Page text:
We ran into the salt flats which sapped my strength. The salt would change from being a path that could be run on to crusty salt that was almost impossible for me to run on. The amazing perspective of the salt flats means that the furthest thing you can see is 6km away so even though I could see a checkpoint and other competitors in front of me they were easily 15 – 20 minutes in front!

At CP3 we left the worst of the salt flats and ran along a jeep track through the flats. It was only 3km to the finish and this went by quickly. The best part of the stage was arriving at the finish and learning that there were two large lagoons that we could swim in. The water was so cold and it was an absolute treat to be a little cleaner, a little cooler and to do something different after a day of running. All the camps were great, but this was almost unbelievable!

Atacama Crossing: Stage 5 – 73km

The first 30km were on dirty roads, flat and easy running. I set out at a pace that I thought I could maintain for the day. This put me a little further back in the field as there were some competitors who started off very strongly. After CP2 we went off the road and into more sandy conditions. I kept the pace even and that helped me move forward in the field. I was feeling strong and enjoying the challenge.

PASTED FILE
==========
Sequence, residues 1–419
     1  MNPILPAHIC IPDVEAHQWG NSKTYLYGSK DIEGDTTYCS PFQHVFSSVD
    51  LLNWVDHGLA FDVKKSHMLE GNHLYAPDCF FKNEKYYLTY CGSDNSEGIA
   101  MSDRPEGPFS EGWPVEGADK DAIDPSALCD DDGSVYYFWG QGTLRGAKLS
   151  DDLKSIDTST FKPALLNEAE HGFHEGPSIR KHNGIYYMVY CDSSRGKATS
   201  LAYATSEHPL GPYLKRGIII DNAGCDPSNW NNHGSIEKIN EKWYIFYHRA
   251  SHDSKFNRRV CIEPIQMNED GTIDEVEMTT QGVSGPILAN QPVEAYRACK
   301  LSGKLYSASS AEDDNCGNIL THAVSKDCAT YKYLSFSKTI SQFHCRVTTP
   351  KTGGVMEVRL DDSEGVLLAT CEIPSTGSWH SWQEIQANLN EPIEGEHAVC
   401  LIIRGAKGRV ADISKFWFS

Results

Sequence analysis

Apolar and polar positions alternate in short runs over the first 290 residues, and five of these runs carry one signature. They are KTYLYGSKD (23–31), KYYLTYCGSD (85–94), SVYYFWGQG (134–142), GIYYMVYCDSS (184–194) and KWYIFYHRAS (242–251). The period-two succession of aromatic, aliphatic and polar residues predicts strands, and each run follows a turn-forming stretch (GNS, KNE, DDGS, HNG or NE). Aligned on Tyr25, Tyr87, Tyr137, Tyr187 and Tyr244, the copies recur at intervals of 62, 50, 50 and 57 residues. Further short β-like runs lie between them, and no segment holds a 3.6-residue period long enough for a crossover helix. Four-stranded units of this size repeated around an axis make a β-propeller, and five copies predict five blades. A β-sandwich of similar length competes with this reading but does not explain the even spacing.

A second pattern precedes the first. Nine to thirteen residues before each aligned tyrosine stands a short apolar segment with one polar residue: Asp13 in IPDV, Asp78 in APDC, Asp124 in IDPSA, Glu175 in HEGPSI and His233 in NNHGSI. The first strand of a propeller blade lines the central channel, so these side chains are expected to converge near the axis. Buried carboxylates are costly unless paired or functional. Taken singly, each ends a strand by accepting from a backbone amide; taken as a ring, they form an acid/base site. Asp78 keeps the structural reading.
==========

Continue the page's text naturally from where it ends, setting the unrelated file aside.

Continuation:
We then headed into some salt flats and unlike the previous days, where I didn’t enjoy the salt sections, I was feeling great and running consistently in that terrain. I caught Mark (also from Zimbabwe) and we arrived at a massive dune together. From a distance the dune looked very intimidating, but when we got to it the sand was much more firm than it appeared and we could climb it at a slow walking pace.